Business Process Improvement: Why Do Some Lean Projects Fail the Sustainability Test?

Business Process Improvement: Why Do Some Lean Projects Fail the Sustainability Test?

Many Lean project improvements fail because leaders neglect to pay attention to the human side of business process improvement. Change is difficult for many people. This is especially true with long-term employees who feel the way they are doing things is the right way and change is not needed.  They tend to say, “Why fix a wheel that isn’t broken?”  At times, employees who participate in a Project Improvement Week may strategically band together and agree to play along while the team is there but have a predetermined plan to go back to doing things the old way once the team leaves. Paying attention to individuals and their personal resistance to change can go a long way towards diffusing this type of situation.

How do you avoid getting stuck in the trap of having no follow-through from the department and changes that don’t stick? It starts with paying careful attention to the people in the department who are being asked to make the changes.  Have one or more persons who are respected by their peers join the process improvement team.  Having their personal involvement in the decisions about which changes to make is critical to gaining overall buy-in and support from those responsible for implementing and sustaining change initiatives within business process improvement projects.  Ask these leaders to check with their peers to see if they are willing to try the new process.  Ask them to find out what would prevent the department from being able to continue with the new process in the future. Use that information to identify the critical roadblocks and develop strategies to overcome them.

Process improvement changes may take a bit longer in departments with long-term employees. Slowing things down and taking the time initially to work with long-term employees while getting their agreement will be time well spent.  When the project is complete, map out the next six months with a control plan of checks to see how the new process is evolving.  Involve the long-term employees that have bought into the process improvement plan.  Find someone who is on the process improvement team, but not in the department, who is willing to take an hour every month to follow up.  Have them physically go through the department to discuss with employees what is working and not working well. This valuable information can be used to tweak the process.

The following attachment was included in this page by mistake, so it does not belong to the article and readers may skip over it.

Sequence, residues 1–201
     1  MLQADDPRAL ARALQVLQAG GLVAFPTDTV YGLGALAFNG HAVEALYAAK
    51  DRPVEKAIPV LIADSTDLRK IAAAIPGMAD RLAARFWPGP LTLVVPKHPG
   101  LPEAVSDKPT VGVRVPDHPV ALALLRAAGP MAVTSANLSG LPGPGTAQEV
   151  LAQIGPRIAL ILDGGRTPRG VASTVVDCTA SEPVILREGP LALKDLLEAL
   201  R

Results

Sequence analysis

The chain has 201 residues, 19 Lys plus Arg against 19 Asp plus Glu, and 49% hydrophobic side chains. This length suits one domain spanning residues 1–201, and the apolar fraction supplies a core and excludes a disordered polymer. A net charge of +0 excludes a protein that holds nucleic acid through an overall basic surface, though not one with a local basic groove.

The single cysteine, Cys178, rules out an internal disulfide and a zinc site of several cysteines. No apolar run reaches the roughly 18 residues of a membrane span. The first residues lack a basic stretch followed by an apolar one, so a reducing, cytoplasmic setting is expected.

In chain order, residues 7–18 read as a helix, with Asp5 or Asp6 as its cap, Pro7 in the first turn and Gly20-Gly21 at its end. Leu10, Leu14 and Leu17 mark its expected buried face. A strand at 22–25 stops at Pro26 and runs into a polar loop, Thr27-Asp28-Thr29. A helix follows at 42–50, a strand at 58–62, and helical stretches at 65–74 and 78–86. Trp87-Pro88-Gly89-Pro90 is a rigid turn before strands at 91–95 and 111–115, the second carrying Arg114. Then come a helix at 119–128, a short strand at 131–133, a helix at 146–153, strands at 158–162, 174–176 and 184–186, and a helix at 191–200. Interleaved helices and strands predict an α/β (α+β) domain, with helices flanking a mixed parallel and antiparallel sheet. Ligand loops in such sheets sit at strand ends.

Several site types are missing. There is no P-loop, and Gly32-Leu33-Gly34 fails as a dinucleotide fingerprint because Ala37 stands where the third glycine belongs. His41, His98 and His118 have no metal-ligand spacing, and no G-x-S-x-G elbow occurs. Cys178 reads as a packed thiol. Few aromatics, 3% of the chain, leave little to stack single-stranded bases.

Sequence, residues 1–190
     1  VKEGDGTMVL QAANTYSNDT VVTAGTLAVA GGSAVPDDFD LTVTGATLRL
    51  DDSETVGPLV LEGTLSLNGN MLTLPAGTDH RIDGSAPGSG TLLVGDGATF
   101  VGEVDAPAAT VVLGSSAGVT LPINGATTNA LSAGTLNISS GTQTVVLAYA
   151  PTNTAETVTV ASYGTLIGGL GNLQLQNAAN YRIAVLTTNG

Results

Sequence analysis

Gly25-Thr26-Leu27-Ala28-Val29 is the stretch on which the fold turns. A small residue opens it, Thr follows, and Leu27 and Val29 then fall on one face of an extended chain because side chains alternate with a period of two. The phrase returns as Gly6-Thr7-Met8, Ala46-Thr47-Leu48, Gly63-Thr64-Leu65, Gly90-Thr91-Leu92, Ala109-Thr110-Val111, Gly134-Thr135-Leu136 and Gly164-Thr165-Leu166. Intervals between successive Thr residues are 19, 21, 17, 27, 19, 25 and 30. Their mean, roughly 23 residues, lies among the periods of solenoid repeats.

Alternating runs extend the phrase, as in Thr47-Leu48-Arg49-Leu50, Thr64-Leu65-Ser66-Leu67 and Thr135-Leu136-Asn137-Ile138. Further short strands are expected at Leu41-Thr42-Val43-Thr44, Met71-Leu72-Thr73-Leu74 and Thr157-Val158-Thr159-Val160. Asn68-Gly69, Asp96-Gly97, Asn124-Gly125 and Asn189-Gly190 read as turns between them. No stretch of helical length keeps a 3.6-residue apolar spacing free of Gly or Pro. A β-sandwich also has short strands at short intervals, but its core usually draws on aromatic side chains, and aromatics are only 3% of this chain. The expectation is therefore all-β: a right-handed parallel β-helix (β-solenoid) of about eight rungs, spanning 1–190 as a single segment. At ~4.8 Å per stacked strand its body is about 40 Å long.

It’s important for people to be recognized for their efforts to change. Praising people to their managers will mean a lot to them.  Asking a director or VP to do a walk-through in their department to personally review the changes and improvements that they have made is also beneficial.  When a department takes pride in their work and are proud of what they’ve accomplished, they are more likely to follow through with improvements and maintain them.  They may also volunteer for other process improvement projects and start on a path of continual improvement.  Helping people feel good about the work that they do is good management and essential to the Lean process.

Sheree Lavelle is a Six Sigma Black Belt and earned her certification in Lean by successfully completing the Global Production System Japan Gembe Kaizen program in Japan. Sheree has more than 20 years of experience as an Operational Manager in both clinic and hospital settings. Currently, she is president of Lavelle and Associates, LLC, a consulting firm specializing in Lean Six Sigma Process Improvement.


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